Declining seed dispersal due to climate change

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Loss of bird and mammal biodiversity due to human-induced climate change has reduced the ability of plants to spread their seeds via animals, a new study has found.

Posted in Science earlier this month, the study uses data from more than 400 networks of seed dispersal interactions between plants, birds and mammals to track the changes observed by declines in animal populations due to climate change.

Half of all plant species depend on animals to disperse their seeds, either through their droppings or by hitching on feathers, wings and fur, and seed dispersal networks lost or created in new ways to compensate Biodiversity loss may influence how plants can adapt to climate change through migration, the study says.

The American and Dutch researchers estimate that the losses of mammals and birds have reduced the ability of plants to adapt to climate change by 60% worldwide.

“We’re losing animals, but we’re also losing what those animals are doing with their ecosystems,” said the study’s lead author, Evan Fricke. “When we lose these seed dispersers, we lose these… plant-animal relationships that support the functioning of these ecosystems.”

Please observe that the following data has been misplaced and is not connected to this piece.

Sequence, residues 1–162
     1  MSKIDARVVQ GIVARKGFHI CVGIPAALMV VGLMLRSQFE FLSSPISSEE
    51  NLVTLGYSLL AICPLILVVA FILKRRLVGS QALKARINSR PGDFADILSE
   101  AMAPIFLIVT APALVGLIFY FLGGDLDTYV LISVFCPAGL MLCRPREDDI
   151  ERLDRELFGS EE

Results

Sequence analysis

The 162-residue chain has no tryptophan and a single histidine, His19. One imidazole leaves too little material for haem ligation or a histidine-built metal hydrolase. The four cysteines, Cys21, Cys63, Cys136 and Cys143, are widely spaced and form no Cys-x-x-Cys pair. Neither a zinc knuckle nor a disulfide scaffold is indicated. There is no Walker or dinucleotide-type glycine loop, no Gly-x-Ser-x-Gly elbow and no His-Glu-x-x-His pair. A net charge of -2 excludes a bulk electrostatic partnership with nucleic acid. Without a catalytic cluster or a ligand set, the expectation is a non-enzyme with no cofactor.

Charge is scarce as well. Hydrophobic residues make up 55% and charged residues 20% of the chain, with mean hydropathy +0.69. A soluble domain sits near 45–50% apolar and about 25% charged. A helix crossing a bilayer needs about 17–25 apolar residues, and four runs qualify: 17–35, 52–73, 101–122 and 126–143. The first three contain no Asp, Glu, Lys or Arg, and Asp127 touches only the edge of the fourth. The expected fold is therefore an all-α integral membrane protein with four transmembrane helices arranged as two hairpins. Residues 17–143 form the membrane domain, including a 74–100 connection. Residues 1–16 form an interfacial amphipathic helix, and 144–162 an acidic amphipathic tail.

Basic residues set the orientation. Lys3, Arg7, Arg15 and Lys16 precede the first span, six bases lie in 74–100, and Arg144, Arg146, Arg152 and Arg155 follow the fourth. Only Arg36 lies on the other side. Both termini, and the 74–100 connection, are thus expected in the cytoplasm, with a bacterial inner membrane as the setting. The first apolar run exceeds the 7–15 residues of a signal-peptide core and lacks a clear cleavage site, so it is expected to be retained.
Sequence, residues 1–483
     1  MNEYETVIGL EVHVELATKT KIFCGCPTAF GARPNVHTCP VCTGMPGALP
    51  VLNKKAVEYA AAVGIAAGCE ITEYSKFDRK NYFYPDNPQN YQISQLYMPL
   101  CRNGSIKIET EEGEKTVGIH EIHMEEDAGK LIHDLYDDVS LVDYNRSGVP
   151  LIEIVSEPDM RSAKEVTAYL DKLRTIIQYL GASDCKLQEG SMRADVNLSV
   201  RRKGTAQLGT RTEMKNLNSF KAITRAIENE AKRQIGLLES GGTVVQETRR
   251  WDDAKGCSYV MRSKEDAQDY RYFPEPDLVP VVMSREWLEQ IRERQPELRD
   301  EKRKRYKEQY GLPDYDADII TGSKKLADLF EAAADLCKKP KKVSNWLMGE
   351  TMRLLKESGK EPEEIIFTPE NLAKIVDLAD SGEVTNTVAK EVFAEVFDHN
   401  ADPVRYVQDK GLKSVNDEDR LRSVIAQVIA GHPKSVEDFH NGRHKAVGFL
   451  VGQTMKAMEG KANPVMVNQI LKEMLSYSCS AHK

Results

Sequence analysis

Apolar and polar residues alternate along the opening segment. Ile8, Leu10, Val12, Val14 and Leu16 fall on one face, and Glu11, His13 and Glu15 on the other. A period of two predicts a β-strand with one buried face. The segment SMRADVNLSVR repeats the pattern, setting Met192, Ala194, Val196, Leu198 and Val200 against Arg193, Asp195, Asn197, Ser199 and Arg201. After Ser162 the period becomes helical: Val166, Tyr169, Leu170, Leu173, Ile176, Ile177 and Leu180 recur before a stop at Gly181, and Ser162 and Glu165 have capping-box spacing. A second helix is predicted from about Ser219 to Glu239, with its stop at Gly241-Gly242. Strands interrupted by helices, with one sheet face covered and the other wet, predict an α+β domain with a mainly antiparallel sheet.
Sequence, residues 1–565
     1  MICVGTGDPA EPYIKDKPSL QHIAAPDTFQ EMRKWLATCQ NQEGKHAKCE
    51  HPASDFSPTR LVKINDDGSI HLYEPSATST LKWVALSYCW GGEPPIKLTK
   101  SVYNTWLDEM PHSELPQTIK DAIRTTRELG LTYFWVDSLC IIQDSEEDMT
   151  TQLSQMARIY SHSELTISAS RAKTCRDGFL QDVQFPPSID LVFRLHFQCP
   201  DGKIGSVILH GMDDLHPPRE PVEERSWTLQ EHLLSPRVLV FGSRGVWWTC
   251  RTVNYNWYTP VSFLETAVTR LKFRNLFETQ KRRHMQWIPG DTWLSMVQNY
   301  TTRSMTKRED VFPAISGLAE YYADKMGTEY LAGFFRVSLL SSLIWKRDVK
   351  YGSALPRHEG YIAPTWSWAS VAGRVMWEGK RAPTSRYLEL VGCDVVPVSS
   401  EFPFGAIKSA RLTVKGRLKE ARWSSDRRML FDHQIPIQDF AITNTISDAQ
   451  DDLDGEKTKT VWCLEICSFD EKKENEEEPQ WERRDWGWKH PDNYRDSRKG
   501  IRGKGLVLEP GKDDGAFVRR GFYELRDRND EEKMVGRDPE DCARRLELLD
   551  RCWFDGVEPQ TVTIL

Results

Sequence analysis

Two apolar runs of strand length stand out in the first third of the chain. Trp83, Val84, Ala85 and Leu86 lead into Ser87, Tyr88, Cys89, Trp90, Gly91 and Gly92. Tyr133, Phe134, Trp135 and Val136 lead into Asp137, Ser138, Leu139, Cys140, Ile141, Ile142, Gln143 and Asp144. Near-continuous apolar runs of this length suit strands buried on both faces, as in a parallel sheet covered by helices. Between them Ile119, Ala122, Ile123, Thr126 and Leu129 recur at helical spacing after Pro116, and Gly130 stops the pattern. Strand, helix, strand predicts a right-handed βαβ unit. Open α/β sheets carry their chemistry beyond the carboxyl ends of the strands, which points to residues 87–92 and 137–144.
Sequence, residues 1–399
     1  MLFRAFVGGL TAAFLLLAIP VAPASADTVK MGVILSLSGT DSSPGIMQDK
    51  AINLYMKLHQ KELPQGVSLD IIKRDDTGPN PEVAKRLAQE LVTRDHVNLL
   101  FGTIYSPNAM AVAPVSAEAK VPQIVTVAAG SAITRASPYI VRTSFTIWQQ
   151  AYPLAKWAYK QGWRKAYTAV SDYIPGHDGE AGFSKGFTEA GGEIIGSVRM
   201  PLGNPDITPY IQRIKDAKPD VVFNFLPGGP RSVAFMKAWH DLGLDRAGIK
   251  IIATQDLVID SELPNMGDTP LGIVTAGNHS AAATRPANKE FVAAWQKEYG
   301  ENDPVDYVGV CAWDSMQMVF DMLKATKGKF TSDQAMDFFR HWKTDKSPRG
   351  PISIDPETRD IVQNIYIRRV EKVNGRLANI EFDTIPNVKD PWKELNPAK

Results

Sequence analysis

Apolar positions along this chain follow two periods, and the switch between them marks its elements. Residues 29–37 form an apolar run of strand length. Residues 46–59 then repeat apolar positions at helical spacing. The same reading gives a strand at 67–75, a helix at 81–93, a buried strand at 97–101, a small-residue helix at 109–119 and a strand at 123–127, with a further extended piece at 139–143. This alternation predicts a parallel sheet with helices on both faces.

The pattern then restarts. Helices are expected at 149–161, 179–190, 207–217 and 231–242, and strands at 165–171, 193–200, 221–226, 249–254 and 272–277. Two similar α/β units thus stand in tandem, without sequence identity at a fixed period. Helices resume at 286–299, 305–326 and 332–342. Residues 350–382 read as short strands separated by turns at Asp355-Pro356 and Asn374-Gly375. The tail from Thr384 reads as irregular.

In order to map seed dispersal systems, the researchers used machine learning and data from thousands of field studies to map the distribution of seeds by birds and animals around the world.

To better understand how these networks are in decline, the study then compared maps of seed dispersal networks today with maps showing what dispersal networks would look like without human-caused extinction events or restrictions on the distance traveled by species, according to a statement.

“Some plants live for hundreds of years, and their only chance to move is during the short period when they are a seed moving across the landscape,” Fricke said in the release. “If there are no animals available to eat their fruit or carry away their nuts, plants dispersed by animals do not travel very far.”

The study found some regions where seed dispersal networks have shrunk by 95%, and the most severe losses have occurred in temperate regions of North America, Europe, South America and the United States. ‘Australia.

If endangered species were to disappear, the tropical regions of South America, Africa and Southeast Asia would be the most affected.

But Canada is not immune either.

“Blueberries and salmon berries, all the things you can think of in the understory that depend on mammals and birds,” Amy Angert, a professor of botany at the University of British Columbia, told CTV National News. “Climate change is moving to where those suitable habitats are…and that means plans will have to go very fast and far to keep up with that.”

With files from The Associated Press

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